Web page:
Lightning Initial Attachment for Zoning

By Jennifer Kitaygorsky

This post describes the steps to perform lightning initial attachment for zoning. Lightning zoning for aircraft involves separating each aircraft outer surface area into a specific category based on its likelihood for lightning attachment, lightning sweep and lightning hang-on. The steps required are detailed s in SAE ARP 5414A: Aircraft Zoning. The task is divided into two sections:

  1. Determination of the initial attachment locations
  2. Zoning based on the ARP guidance using the attachment locations and the vehicle operating speeds at various altitudes

EMA has applied its Finite-Difference Time-Domain (FDTD) solver of Maxwell’s equations (EMA3D) in the determination of primary attachment regions on air vehicles previously. The approach is to model a lightning leader in proximity to the vehicle with a time-domain buildup of charge for which the simulation can be run to steady-state.  At steady-state, the distribution of the surface normal electric field over the vehicle is characterized.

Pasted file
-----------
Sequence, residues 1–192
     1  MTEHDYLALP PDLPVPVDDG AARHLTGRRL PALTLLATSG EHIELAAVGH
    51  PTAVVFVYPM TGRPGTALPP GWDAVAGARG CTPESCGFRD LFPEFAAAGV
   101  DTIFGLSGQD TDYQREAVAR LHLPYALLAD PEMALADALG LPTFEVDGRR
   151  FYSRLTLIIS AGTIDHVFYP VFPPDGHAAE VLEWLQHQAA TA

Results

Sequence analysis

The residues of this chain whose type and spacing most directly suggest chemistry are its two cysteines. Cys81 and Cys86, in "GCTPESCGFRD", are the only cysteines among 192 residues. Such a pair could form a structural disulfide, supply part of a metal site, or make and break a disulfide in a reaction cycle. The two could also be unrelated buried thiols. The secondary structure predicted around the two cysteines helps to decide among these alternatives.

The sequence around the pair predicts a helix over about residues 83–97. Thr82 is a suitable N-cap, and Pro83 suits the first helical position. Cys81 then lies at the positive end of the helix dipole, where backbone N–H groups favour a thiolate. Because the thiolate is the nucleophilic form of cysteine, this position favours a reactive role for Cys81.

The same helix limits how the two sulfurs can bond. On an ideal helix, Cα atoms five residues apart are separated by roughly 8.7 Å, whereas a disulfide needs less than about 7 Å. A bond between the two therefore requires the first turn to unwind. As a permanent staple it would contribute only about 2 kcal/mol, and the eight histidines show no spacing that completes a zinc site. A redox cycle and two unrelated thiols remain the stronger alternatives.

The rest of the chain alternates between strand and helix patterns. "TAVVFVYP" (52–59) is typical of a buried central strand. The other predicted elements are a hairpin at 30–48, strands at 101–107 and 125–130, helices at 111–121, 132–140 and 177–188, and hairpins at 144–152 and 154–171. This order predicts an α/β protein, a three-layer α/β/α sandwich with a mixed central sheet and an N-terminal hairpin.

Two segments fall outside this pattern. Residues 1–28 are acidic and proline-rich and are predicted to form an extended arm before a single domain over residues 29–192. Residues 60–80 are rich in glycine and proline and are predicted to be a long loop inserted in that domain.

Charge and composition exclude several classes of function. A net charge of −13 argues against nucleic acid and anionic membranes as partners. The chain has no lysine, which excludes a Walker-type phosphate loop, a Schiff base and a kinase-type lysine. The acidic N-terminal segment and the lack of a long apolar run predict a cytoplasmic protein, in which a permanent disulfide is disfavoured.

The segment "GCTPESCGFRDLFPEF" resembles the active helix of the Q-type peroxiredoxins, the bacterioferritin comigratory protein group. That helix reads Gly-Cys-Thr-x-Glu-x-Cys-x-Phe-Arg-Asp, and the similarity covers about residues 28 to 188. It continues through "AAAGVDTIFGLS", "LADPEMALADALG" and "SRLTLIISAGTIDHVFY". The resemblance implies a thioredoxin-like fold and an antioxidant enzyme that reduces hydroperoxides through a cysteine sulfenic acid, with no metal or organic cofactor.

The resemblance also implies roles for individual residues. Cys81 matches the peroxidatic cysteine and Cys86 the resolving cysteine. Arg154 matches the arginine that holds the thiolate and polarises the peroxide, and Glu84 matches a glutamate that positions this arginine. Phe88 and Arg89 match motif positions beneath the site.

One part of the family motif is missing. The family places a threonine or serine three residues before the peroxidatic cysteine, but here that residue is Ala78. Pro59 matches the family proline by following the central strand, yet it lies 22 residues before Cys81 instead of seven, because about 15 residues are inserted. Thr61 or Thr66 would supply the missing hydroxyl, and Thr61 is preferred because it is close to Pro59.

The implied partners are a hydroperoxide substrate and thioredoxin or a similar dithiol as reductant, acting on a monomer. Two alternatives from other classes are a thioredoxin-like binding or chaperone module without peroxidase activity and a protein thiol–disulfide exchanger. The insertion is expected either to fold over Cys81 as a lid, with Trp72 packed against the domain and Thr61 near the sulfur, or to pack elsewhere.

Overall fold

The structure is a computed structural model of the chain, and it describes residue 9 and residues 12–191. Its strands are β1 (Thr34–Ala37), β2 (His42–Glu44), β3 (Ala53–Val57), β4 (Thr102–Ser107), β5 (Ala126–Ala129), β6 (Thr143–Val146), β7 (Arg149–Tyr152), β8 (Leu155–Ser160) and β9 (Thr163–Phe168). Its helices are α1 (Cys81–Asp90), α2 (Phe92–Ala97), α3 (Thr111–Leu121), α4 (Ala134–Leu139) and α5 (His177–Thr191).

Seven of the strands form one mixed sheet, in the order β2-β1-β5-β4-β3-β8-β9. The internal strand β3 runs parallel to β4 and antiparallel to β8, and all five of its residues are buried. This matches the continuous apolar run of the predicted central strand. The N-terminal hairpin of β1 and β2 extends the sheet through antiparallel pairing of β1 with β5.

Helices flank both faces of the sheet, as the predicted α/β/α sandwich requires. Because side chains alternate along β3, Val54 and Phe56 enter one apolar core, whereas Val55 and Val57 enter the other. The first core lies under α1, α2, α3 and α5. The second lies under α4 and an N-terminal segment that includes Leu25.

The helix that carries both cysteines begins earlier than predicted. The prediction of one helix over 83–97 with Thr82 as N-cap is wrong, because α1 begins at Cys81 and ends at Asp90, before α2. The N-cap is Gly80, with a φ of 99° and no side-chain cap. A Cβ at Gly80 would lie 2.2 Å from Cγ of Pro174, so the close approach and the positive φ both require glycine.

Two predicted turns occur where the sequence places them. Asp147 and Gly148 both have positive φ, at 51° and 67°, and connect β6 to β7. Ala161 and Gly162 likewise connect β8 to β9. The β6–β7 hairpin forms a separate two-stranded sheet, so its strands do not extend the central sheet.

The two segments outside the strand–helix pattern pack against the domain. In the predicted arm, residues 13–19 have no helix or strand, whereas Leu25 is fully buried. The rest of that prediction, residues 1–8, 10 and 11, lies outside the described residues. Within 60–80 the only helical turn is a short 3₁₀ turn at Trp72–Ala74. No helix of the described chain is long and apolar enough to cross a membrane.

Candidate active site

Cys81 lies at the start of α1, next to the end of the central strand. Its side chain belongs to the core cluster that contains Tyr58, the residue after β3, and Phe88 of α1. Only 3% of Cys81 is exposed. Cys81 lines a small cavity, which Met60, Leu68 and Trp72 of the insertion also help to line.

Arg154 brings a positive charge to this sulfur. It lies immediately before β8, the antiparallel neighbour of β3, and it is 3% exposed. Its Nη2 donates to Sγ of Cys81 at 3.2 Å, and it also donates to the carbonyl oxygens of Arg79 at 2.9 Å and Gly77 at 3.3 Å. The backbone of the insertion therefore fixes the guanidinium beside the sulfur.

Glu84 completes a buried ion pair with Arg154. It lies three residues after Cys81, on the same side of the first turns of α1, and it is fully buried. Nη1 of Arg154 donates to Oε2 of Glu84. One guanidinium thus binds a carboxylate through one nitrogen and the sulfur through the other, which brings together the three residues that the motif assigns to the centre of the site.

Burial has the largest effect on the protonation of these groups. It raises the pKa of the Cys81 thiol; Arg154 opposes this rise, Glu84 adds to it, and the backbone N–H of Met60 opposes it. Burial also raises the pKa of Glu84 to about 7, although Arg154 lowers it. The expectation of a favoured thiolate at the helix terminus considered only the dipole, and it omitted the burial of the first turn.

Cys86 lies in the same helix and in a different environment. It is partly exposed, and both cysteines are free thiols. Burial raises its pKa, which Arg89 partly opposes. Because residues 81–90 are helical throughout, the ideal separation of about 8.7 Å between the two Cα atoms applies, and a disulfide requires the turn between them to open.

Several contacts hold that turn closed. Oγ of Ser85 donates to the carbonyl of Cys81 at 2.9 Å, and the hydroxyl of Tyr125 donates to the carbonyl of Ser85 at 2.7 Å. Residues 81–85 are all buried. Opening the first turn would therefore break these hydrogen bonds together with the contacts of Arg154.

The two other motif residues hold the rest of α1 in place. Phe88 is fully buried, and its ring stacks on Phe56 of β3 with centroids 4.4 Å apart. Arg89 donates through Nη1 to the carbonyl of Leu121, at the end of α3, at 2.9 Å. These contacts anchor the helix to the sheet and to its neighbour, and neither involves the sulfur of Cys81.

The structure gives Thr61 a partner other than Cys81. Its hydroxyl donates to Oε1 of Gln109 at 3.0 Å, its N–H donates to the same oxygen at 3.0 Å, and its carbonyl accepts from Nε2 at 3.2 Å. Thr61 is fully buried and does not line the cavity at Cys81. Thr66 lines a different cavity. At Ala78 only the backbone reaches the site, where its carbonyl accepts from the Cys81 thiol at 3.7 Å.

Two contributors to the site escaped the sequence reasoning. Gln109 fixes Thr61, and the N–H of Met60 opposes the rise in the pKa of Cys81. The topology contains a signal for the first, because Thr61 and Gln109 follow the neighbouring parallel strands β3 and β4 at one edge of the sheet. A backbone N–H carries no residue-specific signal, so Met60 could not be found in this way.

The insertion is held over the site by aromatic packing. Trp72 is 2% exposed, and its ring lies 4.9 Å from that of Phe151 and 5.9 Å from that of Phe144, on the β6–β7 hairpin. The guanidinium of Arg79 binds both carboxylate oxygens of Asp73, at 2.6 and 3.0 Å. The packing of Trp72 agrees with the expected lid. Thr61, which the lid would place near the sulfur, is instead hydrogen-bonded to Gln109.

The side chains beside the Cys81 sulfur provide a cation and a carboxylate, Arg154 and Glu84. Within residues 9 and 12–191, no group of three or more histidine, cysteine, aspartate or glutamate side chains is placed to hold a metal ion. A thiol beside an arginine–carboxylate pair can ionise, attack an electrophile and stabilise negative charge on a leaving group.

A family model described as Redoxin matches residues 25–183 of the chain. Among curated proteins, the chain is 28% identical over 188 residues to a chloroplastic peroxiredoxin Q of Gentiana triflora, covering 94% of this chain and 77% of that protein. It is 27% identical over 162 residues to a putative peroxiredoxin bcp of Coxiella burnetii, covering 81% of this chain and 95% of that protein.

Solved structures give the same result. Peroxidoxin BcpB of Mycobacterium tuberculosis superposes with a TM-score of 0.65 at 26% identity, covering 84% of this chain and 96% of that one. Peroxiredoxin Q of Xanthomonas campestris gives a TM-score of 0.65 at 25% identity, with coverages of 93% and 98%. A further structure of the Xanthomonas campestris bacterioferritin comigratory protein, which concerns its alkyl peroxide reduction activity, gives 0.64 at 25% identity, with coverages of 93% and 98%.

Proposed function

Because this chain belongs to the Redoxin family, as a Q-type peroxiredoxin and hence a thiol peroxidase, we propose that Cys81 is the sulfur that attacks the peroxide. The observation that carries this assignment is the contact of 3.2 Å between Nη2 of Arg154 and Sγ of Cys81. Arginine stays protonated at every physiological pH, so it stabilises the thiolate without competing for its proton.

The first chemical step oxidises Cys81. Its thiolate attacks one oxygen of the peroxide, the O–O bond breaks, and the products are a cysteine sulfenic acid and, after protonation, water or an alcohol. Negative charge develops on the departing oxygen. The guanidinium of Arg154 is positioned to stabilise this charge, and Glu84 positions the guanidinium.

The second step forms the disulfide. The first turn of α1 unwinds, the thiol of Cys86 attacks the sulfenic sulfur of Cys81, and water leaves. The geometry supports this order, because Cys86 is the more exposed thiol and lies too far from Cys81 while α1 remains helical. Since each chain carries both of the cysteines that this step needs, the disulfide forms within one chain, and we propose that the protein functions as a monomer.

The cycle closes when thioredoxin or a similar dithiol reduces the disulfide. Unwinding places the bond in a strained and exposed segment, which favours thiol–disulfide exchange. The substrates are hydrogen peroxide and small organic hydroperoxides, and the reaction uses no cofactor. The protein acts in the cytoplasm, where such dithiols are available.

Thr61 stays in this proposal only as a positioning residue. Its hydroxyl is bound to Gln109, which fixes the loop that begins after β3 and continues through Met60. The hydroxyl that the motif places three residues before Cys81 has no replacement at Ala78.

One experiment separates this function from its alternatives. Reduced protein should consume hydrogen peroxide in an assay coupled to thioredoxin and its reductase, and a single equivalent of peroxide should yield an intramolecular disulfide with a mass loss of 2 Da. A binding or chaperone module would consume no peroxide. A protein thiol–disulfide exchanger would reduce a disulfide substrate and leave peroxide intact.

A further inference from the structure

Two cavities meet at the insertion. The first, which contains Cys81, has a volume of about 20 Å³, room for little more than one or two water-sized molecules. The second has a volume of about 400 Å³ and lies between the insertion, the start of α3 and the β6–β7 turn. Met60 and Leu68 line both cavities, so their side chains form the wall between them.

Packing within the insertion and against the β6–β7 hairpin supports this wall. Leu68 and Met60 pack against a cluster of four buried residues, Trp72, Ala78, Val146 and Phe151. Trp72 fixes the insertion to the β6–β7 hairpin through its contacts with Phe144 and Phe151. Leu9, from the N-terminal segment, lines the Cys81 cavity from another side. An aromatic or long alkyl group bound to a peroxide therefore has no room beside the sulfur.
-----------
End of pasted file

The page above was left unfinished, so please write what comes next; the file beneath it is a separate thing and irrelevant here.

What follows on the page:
Regions of high electric field become of interest as the potential primary attachment points for the vehicle in the E-field modeling approach. It is possible to take advantage of the time-domain nature of the solution as it approaches steady-state to characterize the rate of increase in electric field (and charge) in the regions of interest. Those areas building to a peak charge most rapidly are considered likely candidates for early streamer formation and as primary attachment locations.

This post describes step-by-step how to perform the lightning initial attachments for zoning. You can download all the files needed to try this example here. If you would like to try a demo of the EMA3D Framework, contact us.

After the initial attachment points have been assigned, EMA3D is used to easily label each zone by color on a 3D model of the aircraft. It is exportable in a variety of formats, including 3D PDF. Contact EMA if you have any questions about how you can do this, or to hire EMA analysts to perform a zoning for your aircraft.

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